Similarly, a harmful Arduino USB port may cause the same problem.
Recommended Reading – I composed a step-by-step guide for uploading code to Arduino UNO board, which incorporates subtle elements on stopping within the right cables.
2. Check you have selected the right board
Selecting the wrong board on the Arduino IDE software is a common problem, and students don’t really focus on that. It is extremely important that it should match with the board.
How to do it
- Check what board you are using if that’s a mega, or Genuino, or UNO then go to tools menu in the Arduino IDE.
- Check out the board on the tools.
- Select the right board you are using.
3. Wrong port selection
The port number through which Arduino IDE transfers the program to the board plays a critical part. Sometimes when uploading your code, make beyond any doubt that the port number chosen by your Arduino IDE matches the port number at which you interface your Arduino board. (both the ports should match at any cost, if it doesn’t match, go to settings and select the Arduino port)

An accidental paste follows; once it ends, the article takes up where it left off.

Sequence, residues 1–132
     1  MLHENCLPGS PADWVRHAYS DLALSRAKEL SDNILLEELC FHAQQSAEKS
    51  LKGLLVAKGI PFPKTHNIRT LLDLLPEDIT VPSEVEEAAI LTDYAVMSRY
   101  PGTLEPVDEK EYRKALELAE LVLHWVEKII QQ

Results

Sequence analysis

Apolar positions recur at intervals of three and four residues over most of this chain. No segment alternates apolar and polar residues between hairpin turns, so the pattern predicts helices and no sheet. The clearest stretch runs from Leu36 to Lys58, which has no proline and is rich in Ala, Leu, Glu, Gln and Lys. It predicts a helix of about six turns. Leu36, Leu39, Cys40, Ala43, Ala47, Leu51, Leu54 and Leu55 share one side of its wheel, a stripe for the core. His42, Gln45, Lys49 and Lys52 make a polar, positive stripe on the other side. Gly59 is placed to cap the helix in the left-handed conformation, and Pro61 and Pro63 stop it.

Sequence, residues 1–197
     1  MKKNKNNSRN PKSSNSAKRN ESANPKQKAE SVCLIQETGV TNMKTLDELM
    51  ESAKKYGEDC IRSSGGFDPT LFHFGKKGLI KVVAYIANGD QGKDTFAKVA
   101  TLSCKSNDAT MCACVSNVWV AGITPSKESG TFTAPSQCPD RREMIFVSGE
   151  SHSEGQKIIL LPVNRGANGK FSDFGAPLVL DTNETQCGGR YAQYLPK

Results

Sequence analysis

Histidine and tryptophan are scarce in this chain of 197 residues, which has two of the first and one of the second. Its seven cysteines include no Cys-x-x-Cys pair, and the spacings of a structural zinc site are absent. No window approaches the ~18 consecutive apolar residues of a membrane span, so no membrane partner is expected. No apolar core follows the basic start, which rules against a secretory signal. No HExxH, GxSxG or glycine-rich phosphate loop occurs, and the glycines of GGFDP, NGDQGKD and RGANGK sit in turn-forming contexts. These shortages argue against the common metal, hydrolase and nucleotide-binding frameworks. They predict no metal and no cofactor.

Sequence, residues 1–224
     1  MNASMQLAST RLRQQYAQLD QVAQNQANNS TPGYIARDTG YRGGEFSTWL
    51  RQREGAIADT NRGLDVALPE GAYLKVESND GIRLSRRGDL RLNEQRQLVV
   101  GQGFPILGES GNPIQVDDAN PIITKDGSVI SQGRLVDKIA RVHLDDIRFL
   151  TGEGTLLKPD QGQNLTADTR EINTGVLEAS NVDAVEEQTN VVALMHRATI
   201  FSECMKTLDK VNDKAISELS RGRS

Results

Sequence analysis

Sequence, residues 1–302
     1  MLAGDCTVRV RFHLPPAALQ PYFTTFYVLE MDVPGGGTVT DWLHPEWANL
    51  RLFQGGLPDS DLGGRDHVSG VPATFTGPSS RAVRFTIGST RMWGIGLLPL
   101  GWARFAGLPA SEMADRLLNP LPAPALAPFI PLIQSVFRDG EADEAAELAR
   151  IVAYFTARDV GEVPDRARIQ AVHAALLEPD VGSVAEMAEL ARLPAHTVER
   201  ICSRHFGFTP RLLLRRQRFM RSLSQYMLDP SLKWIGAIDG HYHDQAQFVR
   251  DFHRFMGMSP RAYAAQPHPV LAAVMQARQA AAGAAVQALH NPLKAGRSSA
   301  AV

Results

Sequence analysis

To do so, interface your Arduino board to your PC and open the Arduino IDE. At that point, see the lower right side of the window to discover at which port the Arduino is associated. A case content composed on the blue stripe at the foot of the window may well be “Arduino UNO on COM17”.
This line demonstrates that your Arduino UNO board is interfacing through the serial port COM17, and that’s where the Arduino IDE ought to transfer the code.
How to check in the project that the Arduino IDE is selecting the proper port?
- Click on the “Tools” menu display on the beat cleared outside of the Arduino IDE window.
- In the drop-down menu, float over the “Ports” menu.